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Photography Composition II

How balancing foreground and background can help you take better pictures


The 'rules' of photography composition aren't meant to be studiously dwelt on every time you take a picture. But every now and again thinking about what actually makes a good shot can help to cement a few visual principles in your mind.

So here are some tips on balance and weight to help improve your digital photography composition.


Quotable Quote:

The camera, you know, will never capture you. Photography, in my experience, has the miraculous power of transferring wine into water
- Oscar Wilde

Ouch! Not if you read this book Oscar...
The Photographer's Eye, by Brian Peterson


Balance and Weight in Photography Composition


We all have a fairly instinctive impression of balance. Photographs with one half empty and one half full of action look awkward. So how to ensure consistently good balance in our photos...?

One helpful approach is to think about the visual weight of the objects in the scene you are looking at. Imagine them on a set of weighing scales or a seesaw. The centre mark in the viewfinder is the hinge point around which the rest of the image balances.

So let's say we're taking a shot of 2 people. One of them is well over to the right and one is just to the left of the centre in the viewfinder. The guy on the right is dragging the balance of the picture over in his direction - just as though they were on a seesaw, where the further someone is from the centre the more leverage they have.

Moving the person on the right towards the centre would produce a more pleasing, balanced image. Equally, moving the person on the left further out to the edge, leaving the two focal points at opposite sides of the picture, would achieve the same.

It''s tougher to get the compositional balance right when capturing lots of moving objects than a few static ones, which is why someone like Henri Cartier Bresson was so clever. But I think you just develop a feel for it over time - and thinking about component parts of a picture as 'weighted' definitely helps.


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Foreground and Background - Common mistakes of composition in photography

Balancing the foreground and background is an important part of achieving pleasing images. There seem to be two common mistakes here:

The first simply involves giving too much space over to either the foreground or background. For example a picture of mountains with only a thin strip of land in the foreground - producing a lop-sided effect.

The second mistake is to cramp everything up. Imagine a shot with boats in the foreground, water in the middle and tall trees behind. If the tops of the boats stray into the water section, which in turn fights for room with the trees and they then are cramped up at the top edge of the picture, the whole thing is crashing into itself and very unsatisfying to look at. Give the main areas of your shots plenty of breathing space and room to balance each other out.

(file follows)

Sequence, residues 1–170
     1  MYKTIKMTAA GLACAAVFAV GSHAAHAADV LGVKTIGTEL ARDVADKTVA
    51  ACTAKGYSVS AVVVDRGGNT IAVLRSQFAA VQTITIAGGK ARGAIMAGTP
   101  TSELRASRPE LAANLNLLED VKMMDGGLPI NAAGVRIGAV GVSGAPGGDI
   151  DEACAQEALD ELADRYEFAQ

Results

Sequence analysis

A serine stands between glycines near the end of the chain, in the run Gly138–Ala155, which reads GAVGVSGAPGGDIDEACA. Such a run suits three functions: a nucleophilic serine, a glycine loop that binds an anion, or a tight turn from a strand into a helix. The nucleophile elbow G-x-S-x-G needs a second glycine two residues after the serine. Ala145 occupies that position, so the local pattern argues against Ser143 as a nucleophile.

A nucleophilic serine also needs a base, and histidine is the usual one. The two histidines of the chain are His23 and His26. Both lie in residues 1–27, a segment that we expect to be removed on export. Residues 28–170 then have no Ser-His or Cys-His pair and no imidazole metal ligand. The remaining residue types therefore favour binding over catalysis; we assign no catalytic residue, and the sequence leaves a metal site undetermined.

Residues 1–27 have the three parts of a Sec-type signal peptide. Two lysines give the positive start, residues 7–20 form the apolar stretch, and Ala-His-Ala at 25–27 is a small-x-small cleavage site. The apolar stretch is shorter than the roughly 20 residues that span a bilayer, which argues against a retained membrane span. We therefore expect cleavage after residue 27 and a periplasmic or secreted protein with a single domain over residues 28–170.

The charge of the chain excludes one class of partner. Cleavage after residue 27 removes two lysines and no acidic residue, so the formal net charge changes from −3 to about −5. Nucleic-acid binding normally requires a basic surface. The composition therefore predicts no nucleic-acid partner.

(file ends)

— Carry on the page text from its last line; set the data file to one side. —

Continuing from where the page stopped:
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Good Uses of Foreground and Background


The content and visual qualitities of the foreground and background are important too:

Empty background: A plain, uninteresting background forces the viewer to focus only on whatever is in the foreground, often a portrait.


(This is not my picture, but clearly illustrates the value of a plain background for certain portraits)

Empty foreground: Images with no particular foreground detail draw attention to the shapes and colours of, often slightly geometric or abstract, objects behind.

Geese over mill

(I didn't want any foreground detail here because the landscape is reduced to stark shapes and objects)

Detailed Background: The details contained in a background inform how the foreground elements are seen. Certain portrait photos only make sense due to a deliberate association the photographer is making between the subject and their surroundings.

not funny anymore

(I wanted to draw the eye in to the background here to contextualise the portrait)


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Detailed Foreground: Foreground details help provide a sense of scale, texture and perspective. Foregrounds are important in landscape photos in off-setting and complementing wide open vistas with smaller, tangible details.

snowy mountains

(I liked the way the rocks and snow in the foreground echoed the contrasts of the mountain behind)

I hope some of that proves useful for you. Here are some tips on using the golden mean in your digital photography composition.

Here's my review of a fantastic book on composition in photography that I've found really helpful - The Photographer's Eye, by Michael Freeman.

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What do you like most about your camera? Why not give it a little review on here on Photography Art Cafe!? How long have you been a photographer? What are your thoughts on photography composition? Share your, knowledge, ideas, stories and photos!

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